Peace on earth, goodwill toward men. And wonderful childhood memories. Those are the ideal of Christmastime. Ann Patchett remembered just such a Christmas story. "Toys, presents, letters, I let them go. But there hasn't been a Christmas Eve when I haven't rolled out for myself the story my father read to me, a happy memory of a cherished gift," she writes. "The details of the things that were difficult in life have fallen away from me, but the things I loved have stayed. The story is the best gift I have no record of."
But Christmas isn't a holiday for every American. Samantha Shapiro recalls growing up Jewish at Christmastime. "Christmas non-compliance--I'll call it Non-Christmas--took up far more time and energy than Hanukkah. In the Non-Christmas season, Christmas gifts could be given, parties attended and cookies brought, but all efforts had to be made to ensure that the wrapping paper, party outfits, and gift cookies contained as little Christmas symbolism as possible," she writes. "Frosty the Snowman was frequently a safe bet unless he was wearing some sort of Christmas-tree scarf; manger scenes were to be avoided at all costs. The Christmas windows at Macy's could be admired, but Christmas TV specials were forbidden. During Non-Christmas, if appropriately talked to, my mother would refrain from coming to school with a menorah and Hanukkah gelt and doing something embarrassing, but under no circumstances would she or my father consider a Hanukkah bush."
Adam Gopnik tells the story of the man whose birthday we're celebrating, though his conclusions may not sit well with the faithful.
Bob Worthington recounts a Christmas in Vietnam. "At the end of our two-hour trek, we could look forward to relaxing and enjoying a quiet Christmas Eve and then the next day, a Christmas cease-fire," he writes. "We celebrated Christmas in our bunker, but kept our radios on to monitor the advisory net and the local Marine nets. About midmorning, a Marine rifle company reported standing down in position in the boonies, not far from our camp, waiting out the cease-fire. A short while later, the company suddenly came under attack, and we listened helplessly as its commander repeatedly requested artillery fire on the attackers, only to be denied because of the mutually agreed-upon holiday truce."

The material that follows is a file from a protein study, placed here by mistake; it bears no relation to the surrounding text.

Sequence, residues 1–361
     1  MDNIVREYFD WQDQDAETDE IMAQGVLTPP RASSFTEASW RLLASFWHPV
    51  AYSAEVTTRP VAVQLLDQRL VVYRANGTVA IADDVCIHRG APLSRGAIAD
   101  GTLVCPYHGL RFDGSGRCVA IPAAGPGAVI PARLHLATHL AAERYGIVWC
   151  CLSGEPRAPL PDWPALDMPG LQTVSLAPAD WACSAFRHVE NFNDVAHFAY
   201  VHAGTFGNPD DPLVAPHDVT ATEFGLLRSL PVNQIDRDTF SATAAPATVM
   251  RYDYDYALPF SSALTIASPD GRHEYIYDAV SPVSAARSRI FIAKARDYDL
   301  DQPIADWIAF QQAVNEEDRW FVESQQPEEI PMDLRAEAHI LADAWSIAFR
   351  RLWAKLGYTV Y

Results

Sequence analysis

Earl Shorris looked at the darker side of domestic Christmas. "There are murders and suicides enough at the Christmas season; the F.B.I. Uniform Crime Report documents the rise in violent crimes in the month of December," he writes. "But it is the violence wished and not done that concerns the clergy and the psychotherapists, for they know the difference between murder wished and murder done is very slim. From the beginning of December, the Sunday sermons try to deal with the problem, describing the season of brotherly love, peace on earth, goodwill toward men, proclaiming the Advent season a time of quiet and joyous anticipation."
George Saunders recalled a Christmas Party. "The way we knew it was festive was the garage had been cleared of dog shit. It had also been cleared of the dog, a constantly barking mutt who even bit Warner," he writes. "He bit Warner, he bit the shovel head Warner thrust at him, sometimes we came in and found him resolutely gnawing the leg of the worktable with a fine sustained rage. Tonight, festively, the dog was locked in the cab of a truck. Now and then, he would hurl himself against the windshield, and somebody, festively, would fling at the windshield a plastic fork or a hamburger bun. The other components of the festivity were a plate of cold cuts on the table where normally the gutters were pre-bent, a garbage can full of iced beer, and a cardboard box holding some dice."
And Paul Theroux visited Christmas Island for a most unusual vacation. "I had taken the once-a-week, three-hour Aloha Airlines flight from Honolulu — Hawaii is Christmas's nearest neighbor of any size. After I got my bearings I headed for the empty interior. I camped and kayaked alone at the eastern side of the lagoon, among the low salt bush. This shrub, a feebler cousin of the mangrove, covers the island but offers no shade. There is very little fresh water, either — persistent droughts are one of the reasons the island remained uninhabited for so long," he writes. "Perhaps it should have remained uninhabited. Christmas is a dazzling place, an arid Eden that even H-bombs could not destroy, a giant bracelet of coral dappled with the hardiest shrubs and a million coconut trees; a lagoon that is not only shaped like a palette, but a palette splashed with every shade of green and blue; and the most fearless and friendly birds I have ever seen."